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Sunday, 6 March 2016



From my correspondent Thomas Tallis:

The reason for the abnormally wide spread of the aurora tonight is because it's negative polarity, or antiproton polarity. 

This makes the colours that bit more spectacular as it not only collides with the atmospheric gasses, but the polarity excites our own magnetosphere, everything becomes far more intense. 

Each colour has its own chemical composition as the gas molecules react with the incoming (anti)protons, the result is light energy. 
Gases such as nitrogen - Crimson/pink/purple.
Oxygen glows red and lime green, usually the highest up in the ionosphere.
Hydrogen and Helium are responsible for brilliant purples and electric blue hues.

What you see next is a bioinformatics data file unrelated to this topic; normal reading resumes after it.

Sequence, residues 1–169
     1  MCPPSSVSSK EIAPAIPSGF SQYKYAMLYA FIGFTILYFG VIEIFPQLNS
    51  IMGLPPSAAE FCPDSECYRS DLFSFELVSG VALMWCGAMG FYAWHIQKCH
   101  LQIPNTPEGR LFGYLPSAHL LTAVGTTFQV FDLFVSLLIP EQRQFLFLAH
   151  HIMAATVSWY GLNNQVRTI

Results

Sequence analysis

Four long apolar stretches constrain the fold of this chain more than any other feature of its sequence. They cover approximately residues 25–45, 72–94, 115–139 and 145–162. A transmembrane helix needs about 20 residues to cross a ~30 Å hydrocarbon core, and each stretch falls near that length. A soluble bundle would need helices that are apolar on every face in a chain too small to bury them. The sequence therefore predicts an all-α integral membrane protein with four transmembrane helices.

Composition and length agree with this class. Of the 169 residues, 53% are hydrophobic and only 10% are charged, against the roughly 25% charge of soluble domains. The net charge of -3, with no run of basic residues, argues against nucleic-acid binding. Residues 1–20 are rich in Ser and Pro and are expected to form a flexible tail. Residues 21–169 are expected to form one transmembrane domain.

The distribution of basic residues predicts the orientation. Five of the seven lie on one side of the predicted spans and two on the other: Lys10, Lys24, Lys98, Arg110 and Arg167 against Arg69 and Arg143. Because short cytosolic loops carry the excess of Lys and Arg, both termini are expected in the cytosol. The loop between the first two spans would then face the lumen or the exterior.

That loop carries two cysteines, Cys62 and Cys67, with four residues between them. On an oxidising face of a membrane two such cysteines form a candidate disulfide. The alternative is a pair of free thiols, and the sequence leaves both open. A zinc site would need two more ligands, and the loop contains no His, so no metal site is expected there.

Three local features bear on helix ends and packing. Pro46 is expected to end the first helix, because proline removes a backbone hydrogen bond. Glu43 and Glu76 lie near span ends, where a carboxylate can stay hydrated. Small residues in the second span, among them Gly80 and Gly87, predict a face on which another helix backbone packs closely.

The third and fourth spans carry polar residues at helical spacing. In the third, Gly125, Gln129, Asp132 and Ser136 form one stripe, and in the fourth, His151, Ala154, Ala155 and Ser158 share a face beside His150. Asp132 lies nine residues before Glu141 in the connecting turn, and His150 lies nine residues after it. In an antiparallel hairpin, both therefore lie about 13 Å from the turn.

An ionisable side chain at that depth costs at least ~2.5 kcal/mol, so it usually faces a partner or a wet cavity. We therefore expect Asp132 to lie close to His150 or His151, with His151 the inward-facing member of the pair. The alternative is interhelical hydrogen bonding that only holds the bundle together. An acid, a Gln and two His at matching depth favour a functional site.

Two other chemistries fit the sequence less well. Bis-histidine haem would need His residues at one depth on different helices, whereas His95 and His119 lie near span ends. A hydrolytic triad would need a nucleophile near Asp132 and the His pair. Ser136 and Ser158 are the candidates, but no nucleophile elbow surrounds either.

If you see a black patch, it's not a UFO!!
It's usually an area of some kind of ground based radiation, like a powerful transmitter. Found up in the highest regions of the ionosphere, these radio waves can block weaker patches of the solar radiation, the solar radiation is weaker than the  interference so it's polarity can be altered, thus not interacting with surrounding gases, giving it an invisible appearance against a black sky. 

Our ionosphere is a busy place, it's where radio waves go to die, forever bouncing around the earth until their amplitude gives out. 
It's also where our communication transmissions take place. This is why solar activity can affect us so much, after it drowns satellites of course.

Sent from your local time machine specialist

 Cramond Island in daylight

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